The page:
Lots being said, and will be said, about "Islam", "freedom of speech", "tolerance" etc. What's missing is some context, a background and insight into the Danish relationship with their Muslim minority. Svend White provides this in his well-argued post:
In recent years, Denmark has been lurching rightward and turning increasingly hostile to Islam and Muslims (who now make up about 4% of the population). It is becoming increasingly common to see headlines about prominent Danish figures openly expressing prejudice against Islam, and mainstream parties are working increasingly closely with hardline nationalist (and, of course, Muslim-baiting) parties that were once rightly viewed as fringe and beyond the pale [...] By all accounts, inter-communal relations in Denmark (which for the most part are Muslim/non-Muslim relations) are becoming worryingly strained and beset with prejudice and misunderstandings. This is the political and social context that Jyllands-Posten's attacks on the Prophet occured in [...] They didn't simply defy the traditional Islamic ban on portraying the Prophet--as any lover of Persian art knows, there are many classics of Islamic art which also completely ignore this taboo; a few mundane sketches of the Prophet by aren't going to roil the Ummah--with predictable drawings, they chose to attack his character and portray him as a bloodthirsty killer. [my emphasis]
This is one of the better posts on this issue and I would highly recommend reading the entire post. I would however, disagree on one point: I think the Muslim demand that the state should intervene is something worthy of criticism. Why do we feel that the state must immediately intervene when something happens which we do not like? I am open to correction, but the Danish government couldn't, even it had wanted to, ban or punish the newspaper which is a privately owned operation that has nothing to do with the state as there is no legal basis for this (note I know nothing about the Danish penal code). And I would have hoped people in the Middle East of all places would be the last to demand state intervention in the media.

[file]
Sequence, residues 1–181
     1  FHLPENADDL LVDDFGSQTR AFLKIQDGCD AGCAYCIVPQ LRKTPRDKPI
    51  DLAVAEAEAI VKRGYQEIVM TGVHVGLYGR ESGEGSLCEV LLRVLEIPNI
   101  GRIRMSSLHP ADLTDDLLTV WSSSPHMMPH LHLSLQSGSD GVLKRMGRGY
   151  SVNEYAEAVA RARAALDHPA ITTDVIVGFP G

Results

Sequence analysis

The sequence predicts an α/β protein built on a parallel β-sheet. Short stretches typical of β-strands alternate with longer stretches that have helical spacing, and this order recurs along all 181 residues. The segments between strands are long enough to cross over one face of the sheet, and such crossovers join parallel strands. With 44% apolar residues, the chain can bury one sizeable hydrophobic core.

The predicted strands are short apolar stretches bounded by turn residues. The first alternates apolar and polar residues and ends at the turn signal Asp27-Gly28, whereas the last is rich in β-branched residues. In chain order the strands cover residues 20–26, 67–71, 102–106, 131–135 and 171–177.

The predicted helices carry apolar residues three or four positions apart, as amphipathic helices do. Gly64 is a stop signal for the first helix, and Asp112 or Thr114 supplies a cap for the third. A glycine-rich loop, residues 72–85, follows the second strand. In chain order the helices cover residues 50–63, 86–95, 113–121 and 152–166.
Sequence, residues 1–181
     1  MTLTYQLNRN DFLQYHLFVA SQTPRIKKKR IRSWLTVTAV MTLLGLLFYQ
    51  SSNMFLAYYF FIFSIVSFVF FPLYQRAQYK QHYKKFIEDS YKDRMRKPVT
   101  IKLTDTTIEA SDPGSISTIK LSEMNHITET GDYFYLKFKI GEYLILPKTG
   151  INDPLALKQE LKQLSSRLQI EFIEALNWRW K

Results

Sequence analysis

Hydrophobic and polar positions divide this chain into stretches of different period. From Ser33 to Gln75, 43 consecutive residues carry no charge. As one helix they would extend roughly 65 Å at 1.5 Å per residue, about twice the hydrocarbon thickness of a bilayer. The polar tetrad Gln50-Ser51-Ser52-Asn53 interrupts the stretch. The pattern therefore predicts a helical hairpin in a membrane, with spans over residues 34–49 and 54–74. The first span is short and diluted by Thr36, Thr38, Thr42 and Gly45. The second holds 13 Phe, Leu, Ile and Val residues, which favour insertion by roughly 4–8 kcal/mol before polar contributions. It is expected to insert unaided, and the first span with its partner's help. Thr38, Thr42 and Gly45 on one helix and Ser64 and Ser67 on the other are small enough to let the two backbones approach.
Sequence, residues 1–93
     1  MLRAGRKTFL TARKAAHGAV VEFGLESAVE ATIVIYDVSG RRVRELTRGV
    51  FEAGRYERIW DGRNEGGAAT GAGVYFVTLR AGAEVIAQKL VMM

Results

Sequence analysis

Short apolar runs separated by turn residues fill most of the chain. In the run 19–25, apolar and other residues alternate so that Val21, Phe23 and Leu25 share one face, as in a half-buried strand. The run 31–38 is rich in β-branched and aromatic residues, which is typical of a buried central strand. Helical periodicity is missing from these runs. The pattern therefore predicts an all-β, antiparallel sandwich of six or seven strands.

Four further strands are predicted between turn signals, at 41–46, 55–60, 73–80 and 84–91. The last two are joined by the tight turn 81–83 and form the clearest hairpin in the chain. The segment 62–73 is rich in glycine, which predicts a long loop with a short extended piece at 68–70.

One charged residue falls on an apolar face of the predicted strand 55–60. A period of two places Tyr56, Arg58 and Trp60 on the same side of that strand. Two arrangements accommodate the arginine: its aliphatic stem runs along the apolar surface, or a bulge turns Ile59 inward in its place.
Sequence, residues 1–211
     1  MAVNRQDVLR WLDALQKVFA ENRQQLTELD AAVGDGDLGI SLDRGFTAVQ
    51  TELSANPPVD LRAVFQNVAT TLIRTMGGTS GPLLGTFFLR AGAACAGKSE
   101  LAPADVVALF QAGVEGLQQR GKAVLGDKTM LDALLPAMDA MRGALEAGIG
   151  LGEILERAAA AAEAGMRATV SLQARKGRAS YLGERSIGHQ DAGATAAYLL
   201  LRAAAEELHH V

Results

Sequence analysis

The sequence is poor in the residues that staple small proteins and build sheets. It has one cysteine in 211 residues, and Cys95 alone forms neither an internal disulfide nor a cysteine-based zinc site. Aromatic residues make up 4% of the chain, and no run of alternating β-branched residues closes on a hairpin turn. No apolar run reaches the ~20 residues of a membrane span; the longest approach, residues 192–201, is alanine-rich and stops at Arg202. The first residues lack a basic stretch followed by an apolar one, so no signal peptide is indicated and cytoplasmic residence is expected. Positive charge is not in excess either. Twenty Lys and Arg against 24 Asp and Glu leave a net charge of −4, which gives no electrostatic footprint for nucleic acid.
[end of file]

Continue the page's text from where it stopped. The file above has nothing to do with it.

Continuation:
Of course, there is the ignoble tradition of tarnishing the image of the Prophet (upon whom be peace) in Europe, stretching back centuries. These images can be viewed as a continuation of that -- I don't think the issue is totally related to the sacred principle of "freedom of speech" (see below). Sepoy has more on this:
Medieval Europe’s fascination with Mahound, Mahomet and Mohamad can be seen from Dante’s description of the Divine Comedy - Mohammad is in the 9th circle of hell, condemned for sowing “scandal and schism” - to Voltaire’s Mahomet: tragédie where he is the seditious imposter. A cursory look at the archives of 13th-18th century reveals frequent and vehement portrayls of Muhammad as wicked, ‘with a desparate stomach’, delighted with rapes and plunder, seducer of women, of mongrel birth, and whose name tallyied up to 666. For example, the first English translation, via French, of the Qur’an, in 1649, stated, “Good reader, the great Arabian imposter, now at last after a thousand years, is by the way of France arrived in England, and his Alcoran, or gallimaufry of errors (a brat as deformed as the parent, and as full of heresies, as his scald head was of scurf) hath learned to speak English”.
(See also, among others, Ahmad Gunny's Perceptions of Islam in European Writings.) As'ad also has it right I think. After (rightfully) pointing out the hypocrisy of Arab governments -- who are cynically exploiting popular feelings -- he writes:
[W]hen it comes to other forms of religious and racial bigotry in the West, those Western governments often ban them (and criminalize them in some countries) without references to "freedom of speech." So don't insult the intelligence of Arabs/Muslims after offending their religious sensibilities.
There can be no denying that some of these drawings were deliberately derogatory and even downright racist. It merely highlights what "enlightened" Europeans think of Muslims and Arabs (bombs, swords, etc. says it all really). Afterall, no European newspaper is about to print a caricature of Jewish figure of importance and then defend it on the grounds of "freedom of expression" are they; Germany and Austria have tough laws against publically expressing Holocaust denial. So the idea that this debate is solely resting on the grounds of "freedom of speech" is a false one, as our speech is already curtailed for many reasons even in liberal democracies (e.g. "national security") and we can find ourselves punished if we say something 'offensive'. The debate, if anything, is about who or what is open to criticism and ridicule.